The Devil And The Deep Blue Sea

Friday, 19 July 2002, 3:09 AM EST

While open-source software's reputation for security has taken a hit lately, Microsoft's Palladium presents itself as an opportunity to improve security by eliminating entire classes of potential exploits. However, Palladium cannot protect us from most security threats - and its aim may be to eliminate open source software on commodity hardware.

Nobody disputes that buffer overflows and similar attacks have been one of the most persistent sources of serious security problems in recent years.

Palladium might provide substantial security against these attacks, because it will require that all code be digitally signed before it can run. This will be enforced at the hardware level, to reduce the likelihood of serious implementation bugs. This model could plausibly eliminate attacks whereby low-level code might be erroneously executed by a privileged application.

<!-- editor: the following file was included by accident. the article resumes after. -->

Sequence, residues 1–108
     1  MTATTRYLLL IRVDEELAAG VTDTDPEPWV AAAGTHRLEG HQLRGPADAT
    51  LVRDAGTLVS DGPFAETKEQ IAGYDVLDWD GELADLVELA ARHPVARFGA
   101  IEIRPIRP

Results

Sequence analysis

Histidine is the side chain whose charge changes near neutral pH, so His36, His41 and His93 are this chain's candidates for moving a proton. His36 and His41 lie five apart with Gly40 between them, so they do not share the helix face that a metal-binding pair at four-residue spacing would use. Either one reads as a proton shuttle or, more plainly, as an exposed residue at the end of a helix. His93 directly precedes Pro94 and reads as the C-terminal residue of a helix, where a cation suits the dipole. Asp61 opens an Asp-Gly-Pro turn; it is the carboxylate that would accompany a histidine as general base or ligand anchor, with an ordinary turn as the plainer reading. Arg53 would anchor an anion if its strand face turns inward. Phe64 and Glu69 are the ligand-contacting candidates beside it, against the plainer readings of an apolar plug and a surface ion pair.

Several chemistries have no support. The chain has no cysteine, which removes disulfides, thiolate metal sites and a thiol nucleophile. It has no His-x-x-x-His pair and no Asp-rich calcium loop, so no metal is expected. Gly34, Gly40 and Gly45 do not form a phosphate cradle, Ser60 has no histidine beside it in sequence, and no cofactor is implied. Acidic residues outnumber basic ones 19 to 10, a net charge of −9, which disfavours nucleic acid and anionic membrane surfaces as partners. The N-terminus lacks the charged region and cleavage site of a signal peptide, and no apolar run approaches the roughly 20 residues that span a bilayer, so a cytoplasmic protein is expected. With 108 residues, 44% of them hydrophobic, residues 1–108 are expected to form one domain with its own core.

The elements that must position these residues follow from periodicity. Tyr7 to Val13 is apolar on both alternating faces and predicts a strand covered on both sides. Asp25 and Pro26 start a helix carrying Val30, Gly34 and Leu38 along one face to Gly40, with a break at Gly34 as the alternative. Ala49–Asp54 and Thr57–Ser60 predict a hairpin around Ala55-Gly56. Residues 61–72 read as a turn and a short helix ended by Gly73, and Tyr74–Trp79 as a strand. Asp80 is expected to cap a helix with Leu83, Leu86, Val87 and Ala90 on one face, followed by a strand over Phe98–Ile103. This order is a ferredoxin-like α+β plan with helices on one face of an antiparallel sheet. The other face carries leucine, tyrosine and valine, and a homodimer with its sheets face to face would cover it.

[ Read more ]

Related items




Spotlight

Almost 1 in 10 Android apps are now malware

Posted on 28 July 2014.  |  Cheetah Mobile Threat Research Labs analyzed trends in mobile viruses for Q1 and Q2 of 2014. Pulling 24.4 million sample files they found that 2.2 million files had viruses. This is a 153% increase from the number of infected files in 2013.


Weekly newsletter

Reading our newsletter every Monday will keep you up-to-date with security news.
  



Daily digest

Receive a daily digest of the latest security news.
  

DON'T
MISS

Mon, Jul 28th
    COPYRIGHT 1998-2014 BY HELP NET SECURITY.   // READ OUR PRIVACY POLICY // ABOUT US // ADVERTISE //